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1934 Land Highest Point in Louisiana— Mount Driskill, Bienville Parish Lowest Point in Louisiana— New Orleans Driskill Mountain was named for James Christopher…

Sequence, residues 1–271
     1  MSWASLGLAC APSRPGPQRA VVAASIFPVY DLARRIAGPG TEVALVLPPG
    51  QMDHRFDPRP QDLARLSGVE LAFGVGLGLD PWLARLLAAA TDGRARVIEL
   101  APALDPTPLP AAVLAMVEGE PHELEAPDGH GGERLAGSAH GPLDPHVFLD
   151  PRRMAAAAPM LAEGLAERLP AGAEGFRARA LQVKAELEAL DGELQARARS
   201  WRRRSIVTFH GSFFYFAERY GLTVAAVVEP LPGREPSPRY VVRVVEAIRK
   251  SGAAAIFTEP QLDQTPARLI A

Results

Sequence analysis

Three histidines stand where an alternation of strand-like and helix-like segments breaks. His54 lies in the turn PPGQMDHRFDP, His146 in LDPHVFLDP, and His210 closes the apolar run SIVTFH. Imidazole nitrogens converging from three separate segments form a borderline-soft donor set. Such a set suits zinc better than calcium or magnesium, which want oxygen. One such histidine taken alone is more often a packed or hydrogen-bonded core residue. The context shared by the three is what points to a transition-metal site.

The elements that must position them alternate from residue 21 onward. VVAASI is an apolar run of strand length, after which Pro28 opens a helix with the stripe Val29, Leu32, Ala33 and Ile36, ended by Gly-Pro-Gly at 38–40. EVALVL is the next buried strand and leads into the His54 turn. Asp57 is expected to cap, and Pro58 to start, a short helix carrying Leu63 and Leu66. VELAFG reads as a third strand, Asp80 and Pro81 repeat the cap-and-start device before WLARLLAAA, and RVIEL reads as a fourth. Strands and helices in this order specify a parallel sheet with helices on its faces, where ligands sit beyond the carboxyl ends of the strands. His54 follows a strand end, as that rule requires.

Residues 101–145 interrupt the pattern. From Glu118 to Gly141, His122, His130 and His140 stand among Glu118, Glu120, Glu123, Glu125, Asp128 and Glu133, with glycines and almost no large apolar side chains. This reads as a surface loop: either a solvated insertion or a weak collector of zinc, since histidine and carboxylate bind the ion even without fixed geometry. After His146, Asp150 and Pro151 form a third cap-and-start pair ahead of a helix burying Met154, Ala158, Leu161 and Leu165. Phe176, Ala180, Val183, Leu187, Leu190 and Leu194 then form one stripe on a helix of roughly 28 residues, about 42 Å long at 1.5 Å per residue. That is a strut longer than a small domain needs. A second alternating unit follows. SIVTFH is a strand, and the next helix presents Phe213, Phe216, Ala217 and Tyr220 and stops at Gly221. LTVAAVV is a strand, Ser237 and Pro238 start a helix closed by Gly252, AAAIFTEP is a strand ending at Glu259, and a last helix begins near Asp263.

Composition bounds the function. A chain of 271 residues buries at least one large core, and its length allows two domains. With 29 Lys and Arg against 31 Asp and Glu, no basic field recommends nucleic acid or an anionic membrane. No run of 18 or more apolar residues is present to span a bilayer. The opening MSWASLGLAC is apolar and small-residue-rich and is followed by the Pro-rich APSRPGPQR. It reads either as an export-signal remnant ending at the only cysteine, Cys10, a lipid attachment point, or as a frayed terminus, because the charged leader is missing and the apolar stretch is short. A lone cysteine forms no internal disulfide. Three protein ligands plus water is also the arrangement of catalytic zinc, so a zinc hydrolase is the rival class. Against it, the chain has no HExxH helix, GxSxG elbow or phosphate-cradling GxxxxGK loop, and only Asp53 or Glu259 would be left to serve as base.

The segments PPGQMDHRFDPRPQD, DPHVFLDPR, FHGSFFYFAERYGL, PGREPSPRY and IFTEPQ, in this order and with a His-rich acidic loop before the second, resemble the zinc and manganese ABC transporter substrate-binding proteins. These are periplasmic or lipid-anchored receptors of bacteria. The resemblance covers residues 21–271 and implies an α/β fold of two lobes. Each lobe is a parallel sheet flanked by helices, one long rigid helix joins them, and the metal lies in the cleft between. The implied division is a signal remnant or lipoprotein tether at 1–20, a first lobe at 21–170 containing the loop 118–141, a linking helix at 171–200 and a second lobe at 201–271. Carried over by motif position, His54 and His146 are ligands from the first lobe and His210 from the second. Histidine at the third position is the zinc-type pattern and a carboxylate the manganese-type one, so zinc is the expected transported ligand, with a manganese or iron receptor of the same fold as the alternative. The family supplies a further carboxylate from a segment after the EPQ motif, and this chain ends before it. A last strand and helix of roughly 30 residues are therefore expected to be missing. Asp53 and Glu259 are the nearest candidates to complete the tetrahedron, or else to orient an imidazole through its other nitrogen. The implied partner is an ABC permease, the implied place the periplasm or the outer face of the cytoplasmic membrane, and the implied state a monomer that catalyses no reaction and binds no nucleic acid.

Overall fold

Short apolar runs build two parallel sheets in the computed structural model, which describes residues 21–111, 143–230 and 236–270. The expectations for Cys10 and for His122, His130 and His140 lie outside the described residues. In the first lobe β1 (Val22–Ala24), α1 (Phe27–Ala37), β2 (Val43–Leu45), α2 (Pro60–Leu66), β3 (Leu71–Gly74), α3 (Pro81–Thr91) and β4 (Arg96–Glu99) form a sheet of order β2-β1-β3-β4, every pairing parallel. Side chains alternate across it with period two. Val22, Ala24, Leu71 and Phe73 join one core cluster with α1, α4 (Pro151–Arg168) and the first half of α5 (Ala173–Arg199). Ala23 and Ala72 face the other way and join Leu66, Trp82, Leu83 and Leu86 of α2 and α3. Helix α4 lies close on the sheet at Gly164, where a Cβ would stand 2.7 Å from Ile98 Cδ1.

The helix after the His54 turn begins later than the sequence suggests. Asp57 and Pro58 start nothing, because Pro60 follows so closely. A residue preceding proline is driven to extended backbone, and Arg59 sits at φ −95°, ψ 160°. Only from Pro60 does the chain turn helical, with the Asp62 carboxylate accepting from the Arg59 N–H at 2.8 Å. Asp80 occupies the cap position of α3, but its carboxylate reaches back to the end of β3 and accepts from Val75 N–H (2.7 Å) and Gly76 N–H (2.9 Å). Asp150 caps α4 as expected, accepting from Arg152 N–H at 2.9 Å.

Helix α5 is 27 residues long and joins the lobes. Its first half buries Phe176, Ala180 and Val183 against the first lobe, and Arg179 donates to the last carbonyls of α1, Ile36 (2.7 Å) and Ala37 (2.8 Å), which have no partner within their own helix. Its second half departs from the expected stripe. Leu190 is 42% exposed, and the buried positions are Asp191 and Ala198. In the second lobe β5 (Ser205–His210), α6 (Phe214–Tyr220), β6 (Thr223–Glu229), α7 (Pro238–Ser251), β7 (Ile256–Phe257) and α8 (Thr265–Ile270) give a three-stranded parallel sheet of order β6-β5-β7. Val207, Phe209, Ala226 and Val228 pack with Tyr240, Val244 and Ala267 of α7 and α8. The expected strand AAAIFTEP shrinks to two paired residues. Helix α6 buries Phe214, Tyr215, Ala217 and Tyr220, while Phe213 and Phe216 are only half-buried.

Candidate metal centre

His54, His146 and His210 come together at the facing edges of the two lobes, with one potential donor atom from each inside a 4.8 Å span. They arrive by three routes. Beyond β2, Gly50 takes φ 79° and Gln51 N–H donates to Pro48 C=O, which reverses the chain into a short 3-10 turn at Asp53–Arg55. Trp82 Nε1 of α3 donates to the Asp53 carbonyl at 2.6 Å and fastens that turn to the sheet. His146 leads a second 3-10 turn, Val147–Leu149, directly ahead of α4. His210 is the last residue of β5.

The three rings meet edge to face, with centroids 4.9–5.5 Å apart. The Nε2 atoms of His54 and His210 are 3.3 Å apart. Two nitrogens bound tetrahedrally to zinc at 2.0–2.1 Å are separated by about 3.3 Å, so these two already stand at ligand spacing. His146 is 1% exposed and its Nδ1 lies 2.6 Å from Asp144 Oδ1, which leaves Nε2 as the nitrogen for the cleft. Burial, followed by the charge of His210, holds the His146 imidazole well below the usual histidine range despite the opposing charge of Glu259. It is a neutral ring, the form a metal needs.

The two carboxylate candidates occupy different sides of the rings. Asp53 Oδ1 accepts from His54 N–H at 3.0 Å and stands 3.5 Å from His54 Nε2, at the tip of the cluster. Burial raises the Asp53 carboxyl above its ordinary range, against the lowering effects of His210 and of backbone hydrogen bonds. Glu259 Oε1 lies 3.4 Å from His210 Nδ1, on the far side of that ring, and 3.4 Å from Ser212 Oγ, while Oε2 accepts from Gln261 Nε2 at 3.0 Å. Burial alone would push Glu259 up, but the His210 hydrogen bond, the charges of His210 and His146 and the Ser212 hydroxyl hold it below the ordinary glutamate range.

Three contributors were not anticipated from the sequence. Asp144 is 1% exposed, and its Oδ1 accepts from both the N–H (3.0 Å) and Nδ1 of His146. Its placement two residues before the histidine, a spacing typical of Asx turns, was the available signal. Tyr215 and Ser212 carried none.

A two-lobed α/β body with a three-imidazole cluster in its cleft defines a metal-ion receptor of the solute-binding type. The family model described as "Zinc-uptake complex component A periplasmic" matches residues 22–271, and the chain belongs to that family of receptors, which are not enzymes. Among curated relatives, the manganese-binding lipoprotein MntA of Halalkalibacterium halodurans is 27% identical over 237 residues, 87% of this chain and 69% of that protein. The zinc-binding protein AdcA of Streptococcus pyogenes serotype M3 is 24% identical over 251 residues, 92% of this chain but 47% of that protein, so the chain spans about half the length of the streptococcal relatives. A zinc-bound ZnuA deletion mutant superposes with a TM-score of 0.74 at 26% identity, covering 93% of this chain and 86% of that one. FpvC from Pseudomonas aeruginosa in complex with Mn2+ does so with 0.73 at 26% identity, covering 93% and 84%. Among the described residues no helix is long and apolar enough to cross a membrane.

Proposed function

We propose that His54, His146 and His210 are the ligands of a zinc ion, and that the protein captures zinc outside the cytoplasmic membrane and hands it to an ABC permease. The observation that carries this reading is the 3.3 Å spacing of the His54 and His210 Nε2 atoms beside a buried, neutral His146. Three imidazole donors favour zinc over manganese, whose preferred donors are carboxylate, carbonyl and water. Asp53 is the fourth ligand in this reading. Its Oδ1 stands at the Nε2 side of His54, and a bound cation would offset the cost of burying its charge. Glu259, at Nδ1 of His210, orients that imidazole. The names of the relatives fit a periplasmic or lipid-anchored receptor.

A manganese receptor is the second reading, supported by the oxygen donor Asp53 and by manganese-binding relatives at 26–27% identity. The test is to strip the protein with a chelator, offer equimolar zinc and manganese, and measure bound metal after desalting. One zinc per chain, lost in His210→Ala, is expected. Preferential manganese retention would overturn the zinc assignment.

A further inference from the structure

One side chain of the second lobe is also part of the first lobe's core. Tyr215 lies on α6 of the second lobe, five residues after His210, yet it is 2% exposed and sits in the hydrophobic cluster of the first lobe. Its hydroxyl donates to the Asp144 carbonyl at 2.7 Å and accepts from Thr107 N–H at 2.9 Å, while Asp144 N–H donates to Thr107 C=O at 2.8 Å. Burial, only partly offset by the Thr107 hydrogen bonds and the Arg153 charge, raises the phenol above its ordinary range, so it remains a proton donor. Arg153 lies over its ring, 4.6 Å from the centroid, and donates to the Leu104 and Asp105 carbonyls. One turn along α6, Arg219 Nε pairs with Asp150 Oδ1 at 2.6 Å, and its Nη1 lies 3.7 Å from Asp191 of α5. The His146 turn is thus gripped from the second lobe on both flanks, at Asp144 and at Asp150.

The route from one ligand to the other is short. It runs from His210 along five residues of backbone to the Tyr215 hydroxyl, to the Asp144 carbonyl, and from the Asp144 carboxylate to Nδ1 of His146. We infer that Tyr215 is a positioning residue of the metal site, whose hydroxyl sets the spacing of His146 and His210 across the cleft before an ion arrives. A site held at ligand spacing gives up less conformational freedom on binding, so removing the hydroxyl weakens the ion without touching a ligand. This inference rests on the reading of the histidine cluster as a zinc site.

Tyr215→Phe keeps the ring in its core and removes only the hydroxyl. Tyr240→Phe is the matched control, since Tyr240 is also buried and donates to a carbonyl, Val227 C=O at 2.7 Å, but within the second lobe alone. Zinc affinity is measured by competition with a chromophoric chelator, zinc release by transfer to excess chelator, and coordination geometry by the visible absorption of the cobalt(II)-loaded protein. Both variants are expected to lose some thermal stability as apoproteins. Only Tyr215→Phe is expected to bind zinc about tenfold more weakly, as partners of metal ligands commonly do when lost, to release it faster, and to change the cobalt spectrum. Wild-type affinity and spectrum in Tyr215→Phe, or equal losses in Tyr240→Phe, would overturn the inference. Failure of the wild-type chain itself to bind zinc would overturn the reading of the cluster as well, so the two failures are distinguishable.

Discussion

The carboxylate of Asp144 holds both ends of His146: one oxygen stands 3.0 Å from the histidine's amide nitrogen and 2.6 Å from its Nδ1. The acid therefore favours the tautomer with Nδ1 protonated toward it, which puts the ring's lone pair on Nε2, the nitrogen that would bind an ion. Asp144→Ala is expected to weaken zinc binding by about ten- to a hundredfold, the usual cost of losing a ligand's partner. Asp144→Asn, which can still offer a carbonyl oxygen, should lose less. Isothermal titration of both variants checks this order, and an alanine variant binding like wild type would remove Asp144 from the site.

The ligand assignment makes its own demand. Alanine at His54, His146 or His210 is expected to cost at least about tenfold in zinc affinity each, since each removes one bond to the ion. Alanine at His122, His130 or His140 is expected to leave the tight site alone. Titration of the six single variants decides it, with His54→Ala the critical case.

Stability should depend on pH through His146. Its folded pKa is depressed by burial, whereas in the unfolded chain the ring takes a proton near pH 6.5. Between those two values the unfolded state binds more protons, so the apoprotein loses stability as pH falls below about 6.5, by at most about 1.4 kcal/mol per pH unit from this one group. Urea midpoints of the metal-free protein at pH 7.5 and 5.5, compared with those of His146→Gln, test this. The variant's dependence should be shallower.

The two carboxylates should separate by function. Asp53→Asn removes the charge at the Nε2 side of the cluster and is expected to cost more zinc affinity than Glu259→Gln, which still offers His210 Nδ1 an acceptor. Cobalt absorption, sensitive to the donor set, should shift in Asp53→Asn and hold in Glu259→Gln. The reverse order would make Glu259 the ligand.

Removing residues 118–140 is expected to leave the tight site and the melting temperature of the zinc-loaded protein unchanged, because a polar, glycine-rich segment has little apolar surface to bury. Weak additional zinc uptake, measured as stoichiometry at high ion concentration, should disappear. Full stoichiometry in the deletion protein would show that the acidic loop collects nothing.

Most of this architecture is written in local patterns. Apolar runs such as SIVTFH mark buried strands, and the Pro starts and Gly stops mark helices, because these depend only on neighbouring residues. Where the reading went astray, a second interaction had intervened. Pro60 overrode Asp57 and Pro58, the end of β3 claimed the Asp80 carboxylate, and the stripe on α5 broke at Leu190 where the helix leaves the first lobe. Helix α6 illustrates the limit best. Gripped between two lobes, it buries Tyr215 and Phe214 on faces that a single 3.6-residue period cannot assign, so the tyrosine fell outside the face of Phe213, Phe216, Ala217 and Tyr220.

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1934 Land Highest Point in Louisiana— Mount Driskill, Bienville Parish Lowest Point in Louisiana— New Orleans Driskill Mountain was named for James Christopher Driskill. He was born in Hancock County, Georgia, on June 27, 1817, and in 1840 he married Eugenia Irwin Walker. In October 1859, Driskill sold his land in Troup County, Georgia, and moved his wife and family of eight boys and one girl to Louisiana, where he bought 324 acres that contained a mountain. During the Civil War, Driskill served in the Home Guard. His eldest son William was killed in action at the “Battle of the Wilderness” on May 5, 1864. Another son, James B., disappeared after he had left Louisiana to fight in the Civil War. The Driskills’ descendants still live in the area to this day. Mount Driskill is the highest natural point in Louisiana, at 535 feet (163 meters) high. It is located 5.3 miles southeast of Bryceland, Louisiana, in the northeast corner of Sec. 32, T. 17 N., R. 5 W. Mount Driskill consists of nonmarine quartz sands of the Cockfield Formation overlying marine clays and silts and coastal sands of the Cook Mountain Formation. Of any major city within the United States, New Orleans has the lowest, flattest, and geologically youngest setting. The metropolitan area has an average elevation of about 1.3 feet (0.4 meters). Adjacent to the Mississippi River, its natural levee rises as much as 23 feet (7.0 meters) above sea level. Away from the river, parts of New Orleans lie about 5 feet (1.6 meters) below sea level (fig. 1). Further Reading: Kolb, C. R., and R. T. Saucier 1982. Engineering Geology of New Orleans. Geological Society of America Reviews in Engineering Geology (5): 75–93. Saucier, R. T., and J. O. Snowden 1995. Engineering geology of the New Orleans area. Pp. 131-154 in C. J. John and W. J. Autin, eds., Guidebook of Excursions, in conjunction with the annual meeting of the Geological Society of America, New Orleans, La., November 6-9, 1995. Boulder, Colo.: Geological Society of America. John Croche Louisiana Geological Survey Louisiana Geo acts February 2001 Public Information Series No.6 Mount Driskill, the highest point in Louisiana. Figure 1. North-south cross section across New Orleans, Louisiana, showing topography relief and underlying sediments. (Redrawn and adapted from figure 6 of Saucier and Snowden, 1995:138.) LOUISIANA GEOFACTS 1 Fastest Growing— Atchafalaya and Wax Lake Deltas The fastest growing natural features in Louisiana are the Wax Lake and Atchafalaya deltas. Prior to 1952, these deltas had not even formed. Only after the Atchafalaya River filled in Grand, Six Mile, and other lakes within its basin did deltaic sediments begin to accumulate in Atchafalaya Bay. By 1962, deltaic deposits greater than 1 foot (0.3 meters) thick covered about 46 mi2 (120 km2) of the bottom of Atchafalaya Bay. By 1972, the first small shoals, representing an accumulation of sediments that covered about half of Atchafalaya Bay, appeared along the east side of the navigation channel. Between 1973 and 1975, abnormally large floods dumped about 255,000 tons of clay, silt, and very fine sand into Atchafalaya Bay. As a result, an extensive network of distributary mouth bars emerged. By 1977, both deltas had a total of 7.6 mi2 (19.6 km2) of deltaic plain. In 1991, these deltas had a total area of 22 mi2 (57 km2). By 1994, their areas had expanded to 59.3 mi2 (153.6 km2) (fig. 2; Roberts, 1992). Further Reading: Roberts, H. H. 1992. The Atchafalaya Delta: an analog for thin deltas and subdeltas in the subsurface. Basin Research Institute Bulletin 2(1):31–45. van Heerden, I. L., and H. H. Roberts 1980. The Atchafalaya Delta-Louisiana’s New Prograding Coast. Gulf Coast Association of Geological Societies Transactions (30):497–506. Fastest Vanishing— Lafourche and Terrebonne Parishes Unfortunately, the addition of new land associated with the Wax Lake and Atchafalaya deltas and a short segment of the chenier plain is atypical of coastal Louisiana. Overall, coastal Louisiana is losing land to erosion and subsidence at rapid rates. Louisiana contains 40 percent of the nation’s wetlands, but is experiencing about 80 percent of the country’s wetland loss. From 1956 to1978, coastal Louisiana lost land at an average rate of 39.4 mi2/yr (102 km2/yr). In the 12 years, the rate of land loss averaged 34.9 mi2/yr (90.4 km2/yr). Since the 1930’s, more than 1,000,000 acres of wetlands, an area 25 percent larger than Rhode Island, has disappeared into the Gulf of Mexico (Barras and others, 1994). The parts of coastal Louisiana experiencing the highest rates of land loss are the Barataria and Terrebone basins. They comprise most of Lafourche and Terrebonne parishes. Between 1956 and 1978, the Barataria and Terrebone basins, respectively, lost land at an average rate of 7.6 and 9.3 mi2/yr (19.7 and 24.1 km2/yr). The average rate of land loss was, respectively, 11.1 and 10.2 mi2/yr (28.7 and 26.1 km2/yr) for the period 1978-1990 (Barras and others, 1994). Further Reading: Barras, J. A., Pierre E. Bourgeois, and Lawrence R. Handley 1994. Land loss in coastal Louisiana 1956-90. National Biological Survey, National Wetlands Research Center, Open File Report 94–01.Lafayette, La: National Biological Survey, National Wetlands Research Center. Oldest Shoreline—Houston Ridge The oldest recognizable shoreline feature in Louisiana is the Houston Ridge in northern Calcasieu Parish. This ridge extends from the eastern edge of the Sabine River flood plain to the junction of the Houston River and West Fork of the Calcasieu River. This feature is the easternmost extension of a Pleistocene barrier island and beach ridge complex that stretches along the Gulf Coastal Plain from Mexico across Texas and into Louisiana. Although its age is still not precisely known, this ancient beach ridge is estimated to be from 132,000 to 110,000 years old—a period when sea levels were slightly higher than they are now. Figure 2. Growth history of the Atchafalaya Delta from 1973 to 1991. (Redrawn from figure 2 of Roberts 1992:33, by permission.) 2 LOUISIANA GEOFACTS FEBRUARY 2001 The Houston Ridge is a discontinuous feature about 17 miles (27 km) long. It ranges in elevation from about 25 to 35 feet (7.6 to 11 meters) and rises about 10 to 15 feet (3 to 4.5 meters) above the surrounding coastal plain. Its width varies from one mile (1.6 km) wide at its eastern end to between 0.4 and 0.6 of a mile (0.6 and 1 km) wide farther west. Like any typical beach ridge, it is made up of yellowish brown to gray, clean fine to very fine sand. In Texas, segments of this ancient shoreline are wider and exhibit the ridged topography that characterizes an ancient shoreline. Strangest Landform—Pimple Mounds The Pleistocene coastal terraces that form the coastal plain of southwest Louisiana are covered by hundreds of thousands of enigmatic landforms called “pimple mounds.” These low, rudely circular or elliptical domelike mounds are composed of loamy sand. These mounds range from 10 feet (3 meters) to more than 100 feet (30 meters) in diameter. They can be up to 2 feet (60 cm) in height. The origin of pimple mounds, also called “mima mounds” and “prairie mounds,” is still a matter of considerable controversy. From the early 1800’s to present, literally dozens of different theories explaining the origins of Aerial photograph of pimple mounds (white dots) within pimple mounds have southern Beauregard and been published. Some northern Calcasieu parishes of the hypotheses about 3 km (5 miles) southproposed include (1) east of De Qunicy, Louisiana. erosional remnants left (Agricultural Stabilization and Conservation Service by either sheetflood ero- photography taken sion or wind deflation; September 5, 1940) (2) accumulations of wind-blown sediment around clumps of vegetation; and (3) mounds formed by burrowing rodents. Water Largest Natural Water Body— Lake Pontchartrain Lake Pontchartrain is the largest natural water body in the state, being about 40 miles (65 km) long, 25 miles (40 km) wide, and 10 to 16 feet (3 to 5 meters) deep. Along with Lake Maurepas, the lake comprises one of the largest estuaries in the United States. In geologic terms, Lake Pontchartrain is relatively young. During the last Ice Age, about 21,000 B.P., the Lake Pontchartrain region was dry. A negative change in sea level by about 360 feet(110 meters) resulted in what is now the Louisiana continental shelf to be exposed land. Beginning about 15,000 B.P., the continental ice sheets melted and, consequently, sea level rose episodically until by about 5,000 B.P. At that time, the Gulf of Mexico’s shoreline had moved inland close to what is now Lake Pontchartrain’s north shore. Between 5,100 and 4,000 years B.P., longshore currents created and maintained a chain of barrier islands and shoals. They extended southwest from Lake Maurepas Lake Pontchartrain New Orleans Lake Borgne LOUISIANA GEOFACTS 3 Further Reading: Otvos, E. G. 1978. New Orleans-South Hancock Holocene Barrier Island Trend and Origins of Lake Pontchartrain. Gulf Coast Association of Geological Societies Transactions (28):337–355. Largest Artificial Lake—Toledo Bend Reservoir According to the Sabine River Authority, Toledo Bend Reservoir is the largest engineered lake in the southeastern United States. The reservoir sits astride the Louisiana-Texas border on the Sabine River. From the dam site, the reservoir extends upstream for about 65 miles (20 km) to Logansport, Louisiana. This reservoir inundates parts of Sabine, Shelby, Panola, and Newton counties in Texas, and Sabine and De Soto parishes in Louisiana. It has over 1,200 miles (1,900 km) of shoreline. In surface area, it is the fifth largest reservoir in the southeast, covering over 185,000 acres. The controlled storage capacity of Toledo Bend Reservoir is 4,477,000 acre-feet (5.52 km3). Toledo Bend Dam is a rolled earth-fill structure. Including saddle dikes, the dam is 11,250 feet (3,430 m) long, 25 feet (7.6 meters) wide at its crest, and 112 feet (34 meters) high. The dam’s spillway has a design discharge of 290,000 ft3/sec (8,200 m3/sec). Construction began in May 1963 and it was completed three years later. The power plant started operating in the early part of 1969. 1927 Flood Most Devastating Flood— The 1927 Flood The Great Mississippi Flood of 1927 affected the entire Mississippi alluvial valley. It was one of the most destructive floods in American history. The flood started with unprecedented rain falling over the entire Mississippi alluvial valley in the summer 1926, lasting about a year. On the lower river, the flooding began at Memphis, Tennessee, in the fall of 1926. It lasted until August 1927. At Red River Landing, the flood lasted 135 days and reached a crest of 60.9 feet (21.2 meters). The river’s flow was measured at 1,520 ft3/sec (43 m3/sec). The flood destroyed artificial levees along the Mississippi River in 160 4 LOUISIANA GEOFACTS Collection of Don Davis the mouth of the Pearl River. This barrier island chain, called the “Pine Island Barrier,” created the gulfward boundary of an ancient Pontchartrain Bay. About 3,000 B.P., the St. Bernard Delta Complex built out across the New Orleans area and over the Pine Island Barrier burying it. This created Lake Pontchartrain. breaches. It inundated more than 165 million acres (66.8 ha). Two hundred and forty five people died, 600,000 were homeless, and damage was at least $230 million (in 1927 dollars). Since the 1927 flood, there have been 16 major floods along the Mississippi. Of these, the 1973, 1983, and 1993 floods were the most damaging. Further Reading: Barry, John M. 1997. Rising Tide :The Great Mississippi Flood of 1927 and How It Changed America. Simon & Schuster, New York, New York. 524 pp. Daniel, Pete 1977. Deep’n As It Come: The 1927 Mississippi River Flood. University of Arkansas Press. Fayetteville, Arkansas, 221 pp. FEBRUARY 2001 Sea Level—Its Highs and Lows Oldest Rocks Because of its low, flat, broad coastal plain, small changes in sea level are significant to the Louisiana coastline. Further, this coast is directly impacted by the growth and decline of the Antarctic ice sheet. In fact, the history of Antarctica and Louisiana are intimately connected since this continental ice sheet contains about 90 percent of the world’s ice. For example, East Antarctica contains about 6,220,800 mi3 (25,920,100 km3) of grounded ice and West Antarctica contains about 773,100 mi3 (3,221,400 km3) of grounded ice (Pabain, 1994). This amount of water, stored as ice in the Antarctica ice sheets, is enough to raise sea level by about 184 feet (56 meters). Even if this ice only partially melts, a large part of Louisiana—the southern third and the Mississippi Valley—will become submerged. Prior to development of Antarctica and Greenland ice sheets, most of southern Louisiana was submerged beneath the Gulf of Mexico. It was not only the accumulation of delta sediments that shifted the Louisiana coastline southward, but also development of the Antarctic and Greenland ice sheets that dropped sea level by 200 ft (62 meters). During the Ice Age, the Antarctic ice sheet was larger. Large ice sheets also covered North America, Siberia, and Europe. Enough water was stored in these features to have dropped sea level by 330 to 390 feet (100 to 120 meters). The change in sea level resulted in Louisiana’s coastline extending southward as much as 92 miles (150 km). Conversely, during the warmer global climates 3 to 6 million years ago, the ice sheets of Antarctica and Greenland were likely much smaller. As a result, sea level was 115 feet (35 meters) higher. At that time, much of the modern Louisiana coastal plain—to Longville and Oakdale in southwest Louisiana, and Amite and Montpelier in the Feliciana Parishes— was submerged beneath the Gulf of Mexico. The oldest exposed rocks in Louisiana are small patches of Late Cretaceous marine rocks that outcrop along the edges of the Prothro and Rayburns salt domes in Bienville Parish. At both salt domes, pits excavated for the extraction of agricultural lime exposed these rocks. Cretaceous fossils have reportedly been collected from the vicinity of the King salt dome in Bienville Parish. However, the outcrops that produced these fossils have been lost. Only the Late Cretaceous strata at the Rayburns salt dome has been studied in detail. Where exposed in a borraw pit, these often highly fossiliferous strata consist of blue-gray marls and chalks, hard white chalk, greensand, gray chalky marl, and olive-gray marl. The lithology of these strata and the fossils found in them indicate that they consist of formations that also outcrop in Arkansas. About 70 to 82 million years ago these strata accumulated at the bottom of a shallow sea that covered Louisiana. The next oldest strata consist of a small outcrop in Caddo Parish, and consist of marine mudstones exposed along the southeast edge of Caddo Lake. They accumulated about 55 to 66 million years ago. Further Reading: Frey, R. C., and R. D. Kaiser 1984. Surface exposures of Late Cretaceous strata at the Rayburns Dome, Bienville Parish, Louisiana. Gulf Coast Association of Geological Societies Transactions (34):357–361. Stringer, G. L. and Henry, M. (1996) First report of the Cretaceous Shark Squalicorax from Louisiana. Mississippi Geology. vol. 17, noi. 2, pp. 40-42. 1996. Tooth of the shark, Squalicorax pristodontus, found in exposures of Cretaceous sediments exposed at the surface above the Prothro salt dome in Bienville Parish, Louisiana. Reprinted from Stringer and Henry (1996). Rocks State Gemstone—Agate Agate is the Louisiana state gemstone. It is a variety of translucent microcrystalline quartz called “chalcedony,” which is characterized by well-defined banding. Agates are found within the Citronelle Formation and younger sediments in the Feliciana Parishes. Both the agate and chert originally formed within limestones that covered the central United States. Erosion released the state’s gemstone from these limestones, and ancient rivers carried them into Louisiana and Mississippi. Further Reading: Varieties of agate from the Citronelle Formation. Pabian, R. K. 1994. Banded Agates—Origins and Inclusions. Nebraska Geological Survey, Educational Circular 12, 32 pp. LOUISIANA GEOFACTS 5 Rocks of Louisiana Now Part of South America Exposed in the Andes of Argentina are ancient rocks that, hundreds of millions of years ago, once underlayed a part of Louisiana. These rocks consist of a block of granitic continental crust over 120 miles (200 km) wide, capped by 3,000 to 4,900 feet (900-1500 meters) of 470 to 570 million year-old sedimentary strata. These strata are composed of fossiliferous limestone and dolomite overlying shale and sandstone. This block of continental crust called the “Precordillera Terrane,” once was part of North America. However, opening of the Iapetus Ocean, a predecessor to the Atlantic Ocean, rifted the Precordillera Terrane away from North America, leaving oceanic crust where Louisiana now lies (fig. 3). Then, plate tectonics caused the block to drift across the ancient Iapetus Ocean. Eventually, this feature collided with and was welded onto a continental land mass that became South America. Further Reading: Astini, R. A., J. L. Benedetto, and N. C. Vaccari 1995. The early Paleozoic evolution of Argentina Precordillera as a Laurentian rifted, drifted, and collided terrane: a geodynamic model. Geological Society of America Bulletin 107(3):253–273. Thomas, W. A. 1991. The Appalachian-Ouachita rifted margin of southeastern North America. Geological Society of America Bulletin 103(3):415–431. Fossils State Fossil—Palm Wood Petrified palm wood is the Louisiana state fossil and is characterized by prominent rod-like structures within the regular grain of the silicified wood. These rod-like structures are sclerenchyma bundles that give the palm tree its vertical strength. In Louisiana, petrified palm wood belongs to the genera Palmoxylon. It is found only within the outcrop belt of the Catahoula Formation, which consists almost entirely of sediments deposited within broad, low-lying coastal plains about 24 to 30 million years ago. Petrified palm wood is a favorite of rock collectors because of its rod-like structures and variety of colors. Depending upon the angle at which the sclerenchyma bundles are cut, these rod-like structures show up as spots, tapering rods, or continuous lines. Depending on how the state’s fossil is cut, it exhibits a wide range of colors and designs. As a result, it can be incorporated into a variety of designs for jewelry. Because it is composed of silica, it can be polished and withstands the wear and tear of normal use. Largest Fossil—Basilosaurus Petrified palm wood The largest fossils found in Louisiana are the bones of Basilosaurus, a primitive whale, called by paleontologists “archaeocetes.” In fact, the size of its bones lead Dr. Richard Harlan to conclude that bones from the bluffs of the Ouachita River within Caldwell Parish were from a marine reptile. Thinking it was a giant Tertiary marine reptile, Dr. Harlan named the animal “Basilosaurus.” Basilosaurus cetoides (Owen) is one of the most common of the primitive whales found in exposures of Middle to Upper Eocene, 35 to 40 million-yearold marine sediments within central Louisiana, Alabama, Mississippi, and Egypt. It had a streamlined body that averaged 45 to 70 feet (14 to 21 meters) in length. Its body looked more like a mythical sea serpent instead of a modern whale. It had a wedgedshaped, 5-foot-long head. Its jaws had frontal, cone-shaped teeth that caught and held prey, and rear, triangular-shape teeth for slicing up the prey. During the time that Basilosaurus cetoides lived, Louisiana was almost entirely covered by the Gulf of Mexico (fig. 4). Figure 3. Rifting of the Precordillera terrain away from Laurentia, ancestrial North America, and its movement relative to modern